Looking for some recommendations for some of you SX62 experts. I recently acquired a nice one. It functions very well on all AM bands. There are three small problems I would like to get some advice on.
1. Crystal calibrator is almost unusable. It has no tone and only provides a hissing sound with a zero beat in the middle. I believe it is suppose to have a good tone.
2. CW has no effect when switched on.
3. FM band functions but has vague tuning and considerably less output and quality compared to the AM band
The previous owner said he replaced the line capacitors and a couple others that were not working. I have tested and replaced three marginal tubes. That is all I have done to the set. I'm enjoying it too much. I am hoping that some of you might be able to provide me some ideas to get to these minor problems directly. Im fairly adept at aligning a set (last one an SX25). I have never ventured into FM. I have no desire to get into complexity of aligning this set as it works so well.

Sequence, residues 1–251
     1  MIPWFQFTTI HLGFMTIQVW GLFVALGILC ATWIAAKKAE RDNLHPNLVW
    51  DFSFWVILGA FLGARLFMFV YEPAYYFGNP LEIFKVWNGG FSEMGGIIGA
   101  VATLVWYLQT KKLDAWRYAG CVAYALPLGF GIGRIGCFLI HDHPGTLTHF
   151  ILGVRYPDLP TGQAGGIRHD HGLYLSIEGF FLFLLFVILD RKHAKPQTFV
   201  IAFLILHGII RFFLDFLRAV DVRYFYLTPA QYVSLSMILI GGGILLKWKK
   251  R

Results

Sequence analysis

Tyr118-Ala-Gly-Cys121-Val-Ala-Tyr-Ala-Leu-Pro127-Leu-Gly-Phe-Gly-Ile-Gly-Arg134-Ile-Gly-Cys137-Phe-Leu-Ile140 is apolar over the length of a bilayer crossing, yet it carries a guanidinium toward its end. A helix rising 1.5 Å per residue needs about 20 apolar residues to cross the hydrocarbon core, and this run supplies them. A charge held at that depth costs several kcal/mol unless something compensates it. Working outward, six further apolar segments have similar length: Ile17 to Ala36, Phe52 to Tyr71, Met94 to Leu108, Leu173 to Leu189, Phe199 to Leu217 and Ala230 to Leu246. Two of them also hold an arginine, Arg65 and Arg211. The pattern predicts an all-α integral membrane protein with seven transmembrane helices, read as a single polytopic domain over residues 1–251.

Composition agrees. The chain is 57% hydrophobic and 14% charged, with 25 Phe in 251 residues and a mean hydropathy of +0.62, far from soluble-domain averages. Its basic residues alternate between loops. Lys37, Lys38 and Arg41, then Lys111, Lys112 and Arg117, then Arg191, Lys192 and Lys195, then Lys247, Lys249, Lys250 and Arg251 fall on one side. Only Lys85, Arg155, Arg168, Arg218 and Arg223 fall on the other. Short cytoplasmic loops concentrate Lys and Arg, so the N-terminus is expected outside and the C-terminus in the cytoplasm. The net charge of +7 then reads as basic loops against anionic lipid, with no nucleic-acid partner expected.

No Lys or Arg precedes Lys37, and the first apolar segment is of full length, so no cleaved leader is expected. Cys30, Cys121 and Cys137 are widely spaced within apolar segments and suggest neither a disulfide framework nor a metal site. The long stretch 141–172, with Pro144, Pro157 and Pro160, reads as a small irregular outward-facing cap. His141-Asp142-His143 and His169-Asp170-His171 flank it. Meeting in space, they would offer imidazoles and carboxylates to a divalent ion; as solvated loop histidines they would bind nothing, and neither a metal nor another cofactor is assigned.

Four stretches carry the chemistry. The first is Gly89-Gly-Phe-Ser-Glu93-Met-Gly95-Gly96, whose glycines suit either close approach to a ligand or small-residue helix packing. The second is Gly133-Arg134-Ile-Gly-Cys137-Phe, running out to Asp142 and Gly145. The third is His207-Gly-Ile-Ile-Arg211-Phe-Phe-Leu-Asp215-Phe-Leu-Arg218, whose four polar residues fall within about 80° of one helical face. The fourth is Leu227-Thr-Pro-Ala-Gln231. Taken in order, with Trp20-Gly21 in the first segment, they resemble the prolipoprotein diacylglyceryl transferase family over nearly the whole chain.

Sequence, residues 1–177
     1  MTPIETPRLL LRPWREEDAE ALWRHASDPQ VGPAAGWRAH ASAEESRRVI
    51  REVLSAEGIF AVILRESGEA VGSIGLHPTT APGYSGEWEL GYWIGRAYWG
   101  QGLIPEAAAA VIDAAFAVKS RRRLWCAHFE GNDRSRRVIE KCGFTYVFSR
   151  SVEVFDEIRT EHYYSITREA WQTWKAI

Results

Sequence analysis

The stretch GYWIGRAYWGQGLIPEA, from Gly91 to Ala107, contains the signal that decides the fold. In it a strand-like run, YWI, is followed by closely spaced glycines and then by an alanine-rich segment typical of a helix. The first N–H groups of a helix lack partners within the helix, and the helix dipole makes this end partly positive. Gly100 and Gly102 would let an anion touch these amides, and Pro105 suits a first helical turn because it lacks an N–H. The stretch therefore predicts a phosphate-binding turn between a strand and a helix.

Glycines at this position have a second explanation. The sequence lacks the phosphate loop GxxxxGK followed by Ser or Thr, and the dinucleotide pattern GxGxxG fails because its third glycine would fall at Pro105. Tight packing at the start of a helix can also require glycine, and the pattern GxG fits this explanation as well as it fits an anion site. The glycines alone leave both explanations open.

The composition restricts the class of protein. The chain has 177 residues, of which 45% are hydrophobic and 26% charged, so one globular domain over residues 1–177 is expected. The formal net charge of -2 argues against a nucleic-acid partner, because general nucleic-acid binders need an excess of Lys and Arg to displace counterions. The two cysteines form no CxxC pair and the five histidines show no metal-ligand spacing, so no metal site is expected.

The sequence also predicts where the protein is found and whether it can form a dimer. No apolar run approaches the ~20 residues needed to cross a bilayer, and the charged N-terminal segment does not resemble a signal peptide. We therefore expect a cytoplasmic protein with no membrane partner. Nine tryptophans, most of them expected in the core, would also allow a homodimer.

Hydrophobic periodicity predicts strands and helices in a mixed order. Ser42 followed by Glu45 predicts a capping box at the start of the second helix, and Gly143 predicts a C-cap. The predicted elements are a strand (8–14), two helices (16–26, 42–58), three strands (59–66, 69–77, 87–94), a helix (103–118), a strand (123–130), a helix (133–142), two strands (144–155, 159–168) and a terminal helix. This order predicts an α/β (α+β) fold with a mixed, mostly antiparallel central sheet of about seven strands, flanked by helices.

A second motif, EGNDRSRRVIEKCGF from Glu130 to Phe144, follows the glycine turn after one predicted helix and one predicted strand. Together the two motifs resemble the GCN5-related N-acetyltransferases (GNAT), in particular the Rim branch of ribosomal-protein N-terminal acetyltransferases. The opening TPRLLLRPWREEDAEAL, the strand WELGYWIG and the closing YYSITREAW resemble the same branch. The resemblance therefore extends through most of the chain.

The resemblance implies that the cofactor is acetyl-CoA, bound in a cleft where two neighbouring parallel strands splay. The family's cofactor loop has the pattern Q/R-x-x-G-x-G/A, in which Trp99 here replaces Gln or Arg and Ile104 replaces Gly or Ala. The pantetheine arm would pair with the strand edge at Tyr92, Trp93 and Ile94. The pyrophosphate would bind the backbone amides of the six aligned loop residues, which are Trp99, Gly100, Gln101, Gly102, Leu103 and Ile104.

Your crystal calibrator symptom is due to the BFO not working. It will only make an audible tone with a functional BFO. The BFO may need alignment.
The SX-62 has a lot of capacitors that are likely to need replacing and the power transformer doesn't have any real safety factor so it is important to take care of some of the "danger" caps before going further. At the very least, replace the output stage cathode bypass capacitor and the coupling caps from the phase inverter to the output tube grids. Excessive leakage of any of these caps will cause failure of both the audio output transformer and the power transformer. The capacitors in the tone control circuit are also capable of causing a lot of collateral damage and should be replaced.